There are already some well-known bros. out there — Warner Bros., Super Mario Bros., the kind that come before hos — yet Doar Bros. on Meeting Street is positioned to join the ranks. While the name at first feels appropriate for an Amish sausage-making duo or progressive bluegrass band, the homey casualness is no doubt intentional. Notably, the self-styled cocktail bar looks fancy, but much like flare dresses and skillful haircuts, feels effortless.
The space is compact and dominated by navy and gold tones, but the high ceilings and open seating give it a roomy feel. There are forest green banquets, small vases of weedy chamomile flowers, and a French-heavy soundtrack overhead. The menu is first and foremost geared toward libations, and cocktails are the name of the game.
There's a seasonal menu of modern offerings, plus a list of standards. From the former, the knowledgeable and friendly bartender endorsed the Mary Moultrie ($10), an effervescent mix of pomegranate, blood orange, and rosemary soda, along with vodka and Aperol. The soda is made in-house, as are many of the infused ingredients used throughout, and staff were visibly juicing, zesting, and peeling fresh fruit during our visit.
In the 130 years since its inception, no cocktail has suffered more abuse than the daiquiri. Originally made with a delicate balance of rum, sugar, and lime juice, the former pride of Havana has evolved into the stuff of spring break blackouts, sequestered and shamed on the back of laminated Señor Frog's menus. Doar Bros. takes the original island concept and turns it on its head. Their portside daiquiri ($12) is infused with the wintery flavors of fig and port wine, then finished with Hoodoo chicory liqueur in order to (per the bartender) "give it a little backbone." Robust, yet light, you'll be hard pressed to look the frozen blender versions in the eye.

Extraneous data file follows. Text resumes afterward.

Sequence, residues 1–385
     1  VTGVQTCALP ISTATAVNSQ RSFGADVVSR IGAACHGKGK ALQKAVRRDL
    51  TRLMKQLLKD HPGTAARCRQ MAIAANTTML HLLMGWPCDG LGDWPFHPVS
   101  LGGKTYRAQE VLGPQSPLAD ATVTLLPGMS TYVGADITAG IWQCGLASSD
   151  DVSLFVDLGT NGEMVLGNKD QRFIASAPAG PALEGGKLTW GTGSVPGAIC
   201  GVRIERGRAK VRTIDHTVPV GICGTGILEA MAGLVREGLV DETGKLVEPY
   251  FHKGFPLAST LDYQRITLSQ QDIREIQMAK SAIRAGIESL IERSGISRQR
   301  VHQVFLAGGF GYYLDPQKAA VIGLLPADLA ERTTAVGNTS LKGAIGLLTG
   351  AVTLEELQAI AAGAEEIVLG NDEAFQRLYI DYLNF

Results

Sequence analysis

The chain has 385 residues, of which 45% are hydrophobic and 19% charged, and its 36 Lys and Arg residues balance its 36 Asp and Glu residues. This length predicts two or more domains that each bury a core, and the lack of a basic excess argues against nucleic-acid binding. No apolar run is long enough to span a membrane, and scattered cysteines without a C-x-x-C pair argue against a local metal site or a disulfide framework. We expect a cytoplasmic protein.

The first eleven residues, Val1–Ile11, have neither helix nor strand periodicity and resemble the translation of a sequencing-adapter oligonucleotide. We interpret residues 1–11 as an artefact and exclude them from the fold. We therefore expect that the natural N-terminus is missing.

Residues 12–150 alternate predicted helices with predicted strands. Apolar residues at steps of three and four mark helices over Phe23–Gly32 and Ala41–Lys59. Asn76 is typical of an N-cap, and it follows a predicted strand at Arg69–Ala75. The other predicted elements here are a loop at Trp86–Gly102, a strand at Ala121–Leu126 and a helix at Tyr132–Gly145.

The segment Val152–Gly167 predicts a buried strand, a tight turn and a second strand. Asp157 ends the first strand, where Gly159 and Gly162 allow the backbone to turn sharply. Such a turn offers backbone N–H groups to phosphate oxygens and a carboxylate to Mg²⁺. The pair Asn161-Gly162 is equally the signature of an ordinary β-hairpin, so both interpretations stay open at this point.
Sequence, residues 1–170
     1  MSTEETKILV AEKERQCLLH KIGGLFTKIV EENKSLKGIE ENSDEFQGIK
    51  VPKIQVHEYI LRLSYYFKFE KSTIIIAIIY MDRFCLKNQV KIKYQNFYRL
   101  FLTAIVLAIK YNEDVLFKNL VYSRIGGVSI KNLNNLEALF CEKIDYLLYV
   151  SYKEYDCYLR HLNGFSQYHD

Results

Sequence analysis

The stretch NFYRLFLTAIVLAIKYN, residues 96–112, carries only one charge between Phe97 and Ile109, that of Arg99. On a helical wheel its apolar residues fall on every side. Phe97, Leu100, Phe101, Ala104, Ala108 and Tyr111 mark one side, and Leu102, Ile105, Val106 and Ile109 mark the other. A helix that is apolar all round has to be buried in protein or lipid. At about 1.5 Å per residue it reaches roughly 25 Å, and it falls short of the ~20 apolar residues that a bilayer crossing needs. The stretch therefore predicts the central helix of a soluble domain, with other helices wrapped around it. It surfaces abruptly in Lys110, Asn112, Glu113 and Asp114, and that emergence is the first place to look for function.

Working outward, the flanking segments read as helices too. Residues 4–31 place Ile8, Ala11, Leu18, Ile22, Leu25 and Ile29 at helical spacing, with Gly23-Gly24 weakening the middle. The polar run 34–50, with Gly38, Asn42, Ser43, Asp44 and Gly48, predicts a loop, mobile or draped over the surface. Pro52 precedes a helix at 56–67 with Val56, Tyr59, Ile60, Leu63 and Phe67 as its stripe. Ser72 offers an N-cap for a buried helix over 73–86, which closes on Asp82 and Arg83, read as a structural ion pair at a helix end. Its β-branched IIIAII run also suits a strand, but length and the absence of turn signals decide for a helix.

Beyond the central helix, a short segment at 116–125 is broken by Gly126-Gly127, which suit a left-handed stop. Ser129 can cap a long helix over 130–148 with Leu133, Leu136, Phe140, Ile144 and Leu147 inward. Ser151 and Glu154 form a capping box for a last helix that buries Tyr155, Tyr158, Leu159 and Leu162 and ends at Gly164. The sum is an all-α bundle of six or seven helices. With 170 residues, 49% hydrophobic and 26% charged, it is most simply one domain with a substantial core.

- Ruta Smith
Meanwhile, the classic cocktail options include well-known picks like a margarita ($12), a negroni ($12), and even a Gibson martini ($10). There are also some lesser-known throwbacks like the Death in the Afternoon ($10), made with bubbly cava and herbal absinthe, plus lemon and powdered sugar.
Jack Rose ($10), popular in the 1920s and '30s, takes its name from applejack brandy and the color imparted by grenadine. Doar's version is lightened up with the addition of ginger beer, rendering it the kind of light, fruity beverage one might accidentally imbibe well beyond reason. Thankfully, it's not served in an All-You-Can-Guzzle punchbowl, so any overconsumption is on you.
Should you arrive at Doar Bros. with an empty stomach, don't expect opportunities to fill your belly so much as give your mouth something interesting to do. Much like the fresh and thoughtful cocktails, the tidy food menu is geared toward sating your palate.
There are East Coast oysters on the half shell ($16 for six), assorted cheeses with baguette ($14), and aged prosciutto di parma ($12) should you prefer the familiar. If not, the brown butter popcorn ($5) delivers a touch of decadence in a small brown paper bag. Topped with truffle salt, parmigiano reggiano, and chives, in the interest of limiting fisticuffs and the divorce rate, the staff should probably require one per person.
The Carolina apples and burrata ($12) arrives beautifully plated, and two scoops of the cold, creamy cheese are drizzled with olive oil. They're snuggled between three small stacks of balsamic-poached apple cubes topped with a touch of sliced prosciutto. Garnished with crushed pistachio, the dish is deliberate and elegant, just enough to calm your appetite.
- Ruta Smith
- Indulge in the mac and cheese with Mepkin Abbey mushrooms and black truffles
The local white fish crudo ($14) produces very little volume, yet notable culinary bang for your buck. Quality over quantity, the red snapper was caught that same day and tastes like it. Heavily dressed with olive oil, then garnished with coriander, white balsamic, and three thin radish slices, the portion yields but four precious bites. Chew slowly.
The bread pudding ($10) is the only dessert option, and has a foot firmly planted in both salty and sweet country with a savory, mellow brioche-based square of 'pudding.' Topped with a sticky salted caramel sauce, this is a filling, amiable choice.
Doar Bros. is a chic spot with swanky music, a door man, and thoughtful, albeit itsy, fare. At the same time, it's a welcoming neighborhood joint with chummy staff, exceptional cocktails, and tiny vases of wildflower cuttings on the table. Whether you want to add shaved black truffles to any dish ($10) or simply sip on your Jack Rose while you imagine you're a 1920s starlet, the choice is yours.